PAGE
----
David Bowie has always had a weakness for arresting imagery. Of course, that probably seems obvious to his fans; how else could Bowie have come up with such visually striking creations as Ziggy Stardust or the Thin White Duke if he didn't know a thing or two about presentation and design?But few things catch the singer's eye as dependably as Benetton ads do. "Have you heard about the new campaign where they've taken famous personalities and changed the color of their skin?" he asks over the phone from Britain.
BUSINESS
July 8, 1995
Airlines slash summer faresAmerica West Airlines Inc. cut summer air fares yesterday, a move that USAir Group Inc. and Northwest Airlines Inc. quickly matched.The carriers are slashing fares for some summer travel as much as 40 percent on tickets bought before July 12. USAir, the largest carrier at Baltimore-Washington International Airport, later offered discounts of up to 40 percent on fares in the United States, Canada, Mexico and the Caribbean.IBM stock passes $100 markInternational Business Machines Corp.
FEATURES
By Vida Roberts and Vida Roberts,Sun Fashion Editor | August 4, 1994
We do indeed live in a global village, trading cultural ideas as well as fashionable trinkets quicker than you can spell Benetton.Dreadlocks, the matted hair of Jamaica's Rastafarian believers, are weaving their way into mainstream America. Slowly, to be sure. Rockers jumped on the dread wagon fairly recently -- anything to stand out in MTV's endless trendiness. The young club set is following suit, and before we know it glimmers of Kingston style will start raising eyebrows at the country club.
FEATURES
By J. D. Considine and J. D. Considine,Pop Music Critic | April 6, 1993
David Bowie has always had a weakness for arresting imagery. Of course, that probably seems obvious to his fans; how else could Bowie have come up with such visually striking creations as Ziggy Stardust or the Thin White Duke if he didn't know a thing or two about presentation and design?But few things catch the singer's eye as dependably as Benetton ads do. "Have you heard about the new campaign where they've taken famous personalities and changed the color of their skin?" he asks over the phone from Britain.
BUSINESS
September 16, 1992
Merger pleases AT&T and NCRThe chief executives of AT&T and NCR said yesterday that the two companies' $7.5 billion merger a year ago this month had been successful and that AT&T's computer operations, troubled in the 1980s, would be profitable in 1992.Robert E. Allen, chairman and chief executive of American Telephone and Telegraph Co., said at a news conference, however, that because the company's computer business now comprises NCR, AT&T's old computer operations and the recently acquired Teradata, comparing this year's financial performance with last year's was mixing "apples, oranges and ++ peaches."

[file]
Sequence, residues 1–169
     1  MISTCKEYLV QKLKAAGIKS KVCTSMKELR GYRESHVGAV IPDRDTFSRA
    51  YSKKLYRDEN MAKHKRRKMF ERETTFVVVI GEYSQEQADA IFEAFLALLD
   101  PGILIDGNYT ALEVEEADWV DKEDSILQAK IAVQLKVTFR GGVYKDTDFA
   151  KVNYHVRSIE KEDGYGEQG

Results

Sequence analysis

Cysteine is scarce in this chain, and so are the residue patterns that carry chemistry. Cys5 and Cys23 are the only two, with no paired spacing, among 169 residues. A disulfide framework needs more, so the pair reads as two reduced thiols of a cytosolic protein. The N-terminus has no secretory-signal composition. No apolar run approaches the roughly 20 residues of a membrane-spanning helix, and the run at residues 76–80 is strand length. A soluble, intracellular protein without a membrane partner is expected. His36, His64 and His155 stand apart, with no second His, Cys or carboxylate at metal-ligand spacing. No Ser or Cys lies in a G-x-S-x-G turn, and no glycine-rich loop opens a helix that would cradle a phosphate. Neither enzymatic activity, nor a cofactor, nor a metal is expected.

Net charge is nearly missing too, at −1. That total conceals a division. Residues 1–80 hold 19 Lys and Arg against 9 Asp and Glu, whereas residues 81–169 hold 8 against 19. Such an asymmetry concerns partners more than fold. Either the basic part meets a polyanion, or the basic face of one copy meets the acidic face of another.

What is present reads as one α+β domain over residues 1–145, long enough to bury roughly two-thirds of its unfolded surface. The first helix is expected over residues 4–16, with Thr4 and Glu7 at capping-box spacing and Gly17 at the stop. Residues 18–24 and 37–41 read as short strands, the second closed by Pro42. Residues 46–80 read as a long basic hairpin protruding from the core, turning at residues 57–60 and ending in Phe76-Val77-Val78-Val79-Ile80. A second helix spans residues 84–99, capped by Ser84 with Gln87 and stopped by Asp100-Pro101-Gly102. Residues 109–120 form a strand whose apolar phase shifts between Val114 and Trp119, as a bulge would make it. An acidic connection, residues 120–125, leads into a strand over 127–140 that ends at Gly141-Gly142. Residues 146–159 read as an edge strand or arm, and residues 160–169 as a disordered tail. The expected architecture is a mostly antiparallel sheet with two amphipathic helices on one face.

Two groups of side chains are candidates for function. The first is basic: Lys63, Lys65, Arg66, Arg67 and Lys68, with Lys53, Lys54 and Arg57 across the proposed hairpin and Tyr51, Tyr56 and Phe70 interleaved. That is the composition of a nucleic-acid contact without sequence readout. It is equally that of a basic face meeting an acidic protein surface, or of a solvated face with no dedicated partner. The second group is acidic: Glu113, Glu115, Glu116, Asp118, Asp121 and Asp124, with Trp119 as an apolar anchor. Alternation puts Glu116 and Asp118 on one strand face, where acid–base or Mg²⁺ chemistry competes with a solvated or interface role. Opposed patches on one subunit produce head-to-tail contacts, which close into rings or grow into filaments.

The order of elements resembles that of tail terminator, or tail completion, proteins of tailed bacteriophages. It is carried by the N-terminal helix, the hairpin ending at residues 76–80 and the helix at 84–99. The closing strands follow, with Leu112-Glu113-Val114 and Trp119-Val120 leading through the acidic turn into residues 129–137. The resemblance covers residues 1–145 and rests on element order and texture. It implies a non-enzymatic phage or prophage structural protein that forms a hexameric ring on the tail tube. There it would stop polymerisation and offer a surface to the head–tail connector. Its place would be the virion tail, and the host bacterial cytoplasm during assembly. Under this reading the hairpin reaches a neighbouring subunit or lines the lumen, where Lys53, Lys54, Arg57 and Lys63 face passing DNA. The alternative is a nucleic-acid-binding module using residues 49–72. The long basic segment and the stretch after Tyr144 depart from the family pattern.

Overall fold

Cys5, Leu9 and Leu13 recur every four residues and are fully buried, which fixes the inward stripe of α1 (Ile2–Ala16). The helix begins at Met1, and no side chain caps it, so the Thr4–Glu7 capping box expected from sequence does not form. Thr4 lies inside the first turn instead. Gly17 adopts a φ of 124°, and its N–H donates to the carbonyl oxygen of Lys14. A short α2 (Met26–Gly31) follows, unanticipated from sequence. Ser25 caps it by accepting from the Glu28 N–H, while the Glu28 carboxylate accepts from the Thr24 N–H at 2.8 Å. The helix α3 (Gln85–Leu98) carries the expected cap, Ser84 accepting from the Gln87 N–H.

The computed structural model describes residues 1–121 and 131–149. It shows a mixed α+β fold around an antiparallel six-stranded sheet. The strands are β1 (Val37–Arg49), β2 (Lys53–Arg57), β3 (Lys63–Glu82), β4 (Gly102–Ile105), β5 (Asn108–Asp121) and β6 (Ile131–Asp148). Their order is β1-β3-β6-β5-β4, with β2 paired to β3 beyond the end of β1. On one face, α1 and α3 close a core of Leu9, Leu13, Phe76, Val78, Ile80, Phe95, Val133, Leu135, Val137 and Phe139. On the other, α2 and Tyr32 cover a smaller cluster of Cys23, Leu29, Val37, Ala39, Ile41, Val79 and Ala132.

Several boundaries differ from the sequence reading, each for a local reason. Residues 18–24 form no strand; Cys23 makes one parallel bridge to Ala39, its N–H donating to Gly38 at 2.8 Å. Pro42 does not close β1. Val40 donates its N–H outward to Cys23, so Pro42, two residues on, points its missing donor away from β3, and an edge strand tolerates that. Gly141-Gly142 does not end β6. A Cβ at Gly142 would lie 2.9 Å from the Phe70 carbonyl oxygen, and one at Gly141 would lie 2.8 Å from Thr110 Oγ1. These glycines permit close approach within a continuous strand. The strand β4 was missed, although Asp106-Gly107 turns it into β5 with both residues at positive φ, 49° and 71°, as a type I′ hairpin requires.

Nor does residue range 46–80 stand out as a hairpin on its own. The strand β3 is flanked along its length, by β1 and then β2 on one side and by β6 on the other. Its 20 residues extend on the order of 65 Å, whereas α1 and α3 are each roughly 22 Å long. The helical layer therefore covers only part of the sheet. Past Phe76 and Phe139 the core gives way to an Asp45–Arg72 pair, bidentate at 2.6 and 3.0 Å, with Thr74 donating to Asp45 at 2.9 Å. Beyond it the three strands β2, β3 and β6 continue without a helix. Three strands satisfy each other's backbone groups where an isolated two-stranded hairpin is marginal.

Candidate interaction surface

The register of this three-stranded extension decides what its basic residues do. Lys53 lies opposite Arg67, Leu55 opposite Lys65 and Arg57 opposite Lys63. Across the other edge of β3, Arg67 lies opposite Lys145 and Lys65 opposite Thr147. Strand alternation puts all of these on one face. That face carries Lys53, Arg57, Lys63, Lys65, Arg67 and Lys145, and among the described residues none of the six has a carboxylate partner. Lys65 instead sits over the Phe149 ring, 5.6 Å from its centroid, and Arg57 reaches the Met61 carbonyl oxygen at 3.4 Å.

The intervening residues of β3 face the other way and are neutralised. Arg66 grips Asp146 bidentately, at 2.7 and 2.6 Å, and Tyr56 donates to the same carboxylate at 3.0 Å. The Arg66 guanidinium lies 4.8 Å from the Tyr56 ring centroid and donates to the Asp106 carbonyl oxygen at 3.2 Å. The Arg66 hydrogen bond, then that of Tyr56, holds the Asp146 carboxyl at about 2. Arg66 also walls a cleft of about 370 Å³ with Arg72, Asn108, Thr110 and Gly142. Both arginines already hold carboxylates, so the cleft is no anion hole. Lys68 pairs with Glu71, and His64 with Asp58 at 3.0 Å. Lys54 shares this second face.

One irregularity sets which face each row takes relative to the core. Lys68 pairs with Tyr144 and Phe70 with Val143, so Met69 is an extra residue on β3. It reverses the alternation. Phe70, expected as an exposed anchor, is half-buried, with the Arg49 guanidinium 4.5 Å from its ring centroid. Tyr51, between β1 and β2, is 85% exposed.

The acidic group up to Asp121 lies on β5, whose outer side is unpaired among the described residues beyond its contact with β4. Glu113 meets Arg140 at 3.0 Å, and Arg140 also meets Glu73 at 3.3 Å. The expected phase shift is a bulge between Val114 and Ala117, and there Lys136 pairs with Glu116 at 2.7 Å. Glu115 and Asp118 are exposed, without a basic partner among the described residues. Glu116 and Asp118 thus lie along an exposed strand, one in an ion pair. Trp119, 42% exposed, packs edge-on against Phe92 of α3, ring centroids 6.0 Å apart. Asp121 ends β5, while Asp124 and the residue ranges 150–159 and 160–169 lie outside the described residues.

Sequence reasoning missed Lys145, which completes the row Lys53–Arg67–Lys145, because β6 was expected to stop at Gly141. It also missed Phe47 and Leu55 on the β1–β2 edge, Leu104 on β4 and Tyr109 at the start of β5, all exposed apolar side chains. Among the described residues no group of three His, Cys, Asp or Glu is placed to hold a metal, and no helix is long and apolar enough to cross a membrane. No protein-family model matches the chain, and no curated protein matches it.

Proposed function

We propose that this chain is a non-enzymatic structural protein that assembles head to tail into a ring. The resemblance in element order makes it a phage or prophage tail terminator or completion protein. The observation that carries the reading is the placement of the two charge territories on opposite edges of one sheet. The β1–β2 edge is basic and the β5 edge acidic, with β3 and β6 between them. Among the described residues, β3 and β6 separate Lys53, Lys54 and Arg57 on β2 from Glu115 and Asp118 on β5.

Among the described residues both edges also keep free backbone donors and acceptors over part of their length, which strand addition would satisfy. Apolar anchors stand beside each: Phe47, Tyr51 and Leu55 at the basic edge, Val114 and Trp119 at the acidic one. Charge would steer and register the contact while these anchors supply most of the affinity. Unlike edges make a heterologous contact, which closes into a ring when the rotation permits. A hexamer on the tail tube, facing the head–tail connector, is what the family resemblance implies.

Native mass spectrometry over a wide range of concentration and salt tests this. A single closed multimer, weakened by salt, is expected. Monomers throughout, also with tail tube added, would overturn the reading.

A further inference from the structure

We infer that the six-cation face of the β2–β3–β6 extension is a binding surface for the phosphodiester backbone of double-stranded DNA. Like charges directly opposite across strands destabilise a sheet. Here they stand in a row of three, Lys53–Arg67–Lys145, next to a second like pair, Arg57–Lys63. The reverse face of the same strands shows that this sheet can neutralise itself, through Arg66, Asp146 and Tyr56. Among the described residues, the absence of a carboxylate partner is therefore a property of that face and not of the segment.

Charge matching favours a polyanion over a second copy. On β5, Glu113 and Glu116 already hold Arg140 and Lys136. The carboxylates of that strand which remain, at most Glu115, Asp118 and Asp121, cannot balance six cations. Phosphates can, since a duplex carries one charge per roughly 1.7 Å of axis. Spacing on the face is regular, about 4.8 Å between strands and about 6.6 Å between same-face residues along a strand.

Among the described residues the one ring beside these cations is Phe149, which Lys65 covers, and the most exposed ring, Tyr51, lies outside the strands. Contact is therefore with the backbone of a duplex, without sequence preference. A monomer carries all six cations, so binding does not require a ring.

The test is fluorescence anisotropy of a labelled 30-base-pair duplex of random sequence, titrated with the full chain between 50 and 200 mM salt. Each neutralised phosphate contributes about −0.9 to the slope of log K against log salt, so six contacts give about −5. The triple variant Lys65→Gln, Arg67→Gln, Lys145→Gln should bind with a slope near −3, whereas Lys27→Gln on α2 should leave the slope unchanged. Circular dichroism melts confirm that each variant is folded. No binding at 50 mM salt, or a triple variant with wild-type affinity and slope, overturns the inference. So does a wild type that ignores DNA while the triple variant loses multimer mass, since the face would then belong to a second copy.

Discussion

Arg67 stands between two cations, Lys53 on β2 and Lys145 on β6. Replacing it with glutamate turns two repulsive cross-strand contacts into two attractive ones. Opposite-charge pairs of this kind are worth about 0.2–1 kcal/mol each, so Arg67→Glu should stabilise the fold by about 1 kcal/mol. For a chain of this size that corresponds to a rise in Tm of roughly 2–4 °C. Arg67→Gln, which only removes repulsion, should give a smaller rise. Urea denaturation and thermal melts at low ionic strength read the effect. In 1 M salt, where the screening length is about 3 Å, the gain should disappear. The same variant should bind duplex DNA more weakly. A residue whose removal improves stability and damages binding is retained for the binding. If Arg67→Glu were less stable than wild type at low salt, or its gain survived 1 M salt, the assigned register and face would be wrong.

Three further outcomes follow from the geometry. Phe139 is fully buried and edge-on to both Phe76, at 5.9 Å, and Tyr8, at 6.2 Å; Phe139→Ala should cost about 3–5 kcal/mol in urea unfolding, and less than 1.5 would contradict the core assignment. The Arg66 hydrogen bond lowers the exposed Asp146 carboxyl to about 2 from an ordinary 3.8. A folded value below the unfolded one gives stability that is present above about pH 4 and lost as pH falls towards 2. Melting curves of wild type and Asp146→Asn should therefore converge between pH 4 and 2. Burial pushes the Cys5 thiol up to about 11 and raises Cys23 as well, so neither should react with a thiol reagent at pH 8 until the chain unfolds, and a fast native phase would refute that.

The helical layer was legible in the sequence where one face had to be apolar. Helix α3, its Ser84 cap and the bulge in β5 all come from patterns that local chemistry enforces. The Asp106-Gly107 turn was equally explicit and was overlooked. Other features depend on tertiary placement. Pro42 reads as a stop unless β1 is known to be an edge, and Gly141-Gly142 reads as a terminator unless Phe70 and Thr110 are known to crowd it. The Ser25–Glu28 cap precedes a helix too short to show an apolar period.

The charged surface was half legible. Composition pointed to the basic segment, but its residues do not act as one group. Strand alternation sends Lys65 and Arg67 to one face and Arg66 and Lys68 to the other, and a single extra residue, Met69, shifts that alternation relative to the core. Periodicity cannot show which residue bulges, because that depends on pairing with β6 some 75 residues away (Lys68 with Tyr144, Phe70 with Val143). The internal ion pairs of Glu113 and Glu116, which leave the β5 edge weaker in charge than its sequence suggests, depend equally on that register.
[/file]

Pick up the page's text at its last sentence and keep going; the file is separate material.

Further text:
FEATURES
By Loretta Grantham and Loretta Grantham,Cox News Service | August 21, 1991
The very fact that you're reading this proves controversial fashion ads work.This is publicity. And that's what such ads do best -- get free press and get folks talking.You may not recall the specifics of a shocking ad 10 years from now, but you'll probably remember the name behind it: Benetton, Calvin Klein or Obsession. . . .Fervor is focusing now on Benetton's fall/winter campaign, which includes six ads.Under scrutiny are three: One shows a newborn baby, umbilical cord still attached; another depicts a nun and priest kissing; and the third features two children -- a white girl with a black boy whose hair is formed into devil-like horns.
FEATURES
By Genevieve Buck and Genevieve Buck,Chicago Tribune | August 19, 1991
ChicagoA newborn baby with its umbilical cord still attached, a priest and a nun kissing, an angelic-looking white child hugging a black child with a semblance of horns, leaves floating in a sea of oil, a zebra and a parrot, and a roll of white toilet paper are the six images that form Benetton's fall advertising campaign.Forget about the leaves, the zebra with the parrot and even the toilet paper for the time being. It's the baby and those cute kids that are bringing the bags of mail to Benetton's headquarters and causing its 800 number to go bonkers.
FEATURES
By MICHAEL OLLOVE and MICHAEL OLLOVE,SUN STAFF | March 14, 2000
As Dr. Joanne Wilson emerged from her San Juan hotel last month, she spied a young woman striding toward her in a dusty pink T-shirt emblazoned with the words "United Colors of Benetton." Just like that, the tropical beauty around the doctor faded, and she found herself transported back 13 years. The ocean, the sun, the sand, all of it was replaced by the vision of a dingy convenience store in Raleigh, N.C., and the crumpled body of her 33-year-old baby brother. As anyone in grief knows, there's no way to tell what associations will spark new spasms of sorrow.
NEWS
By CHICAGO TRIBUNE | September 19, 1998
EL FOYEL, Argentina -- British-born billionaire Joe Lewis isn't building his new home in either of the two snow-capped mountain chains that run through his Patagonian ranch.He didn't choose the spot by the 270-foot waterfall, or the crystal river filled with trout that crashes through a deep gorge, or the deep, silent stand of virgin cypress forest.Instead, his mammoth new stone mansion, with its guest house and tile-roofed stable, sits at the foot of Lago Escondido -- Hidden Lake -- a mirror-smooth jewel that is the double of Lake Louise in Canada's stunning Banff National Park.
BUSINESS
By Meredith Schlow and Meredith Schlow,Evening Sun Staff | January 23, 1991
Joel Smeyne's daughters bought sweaters from Benetton i Europe long before their father had ever heard of the Italian company.Now Smeyne owns two Benetton stores, but he is struggling to keep just one open. He has decided to close his Security Square Mall store within a month.Benetton stores are independently owned by retailers who are licensed to sell the imported sportswear. Other stores in the area are not affected by Smeyne's decision.L Smeyne is hoping to keep open his store in White Marsh Mall.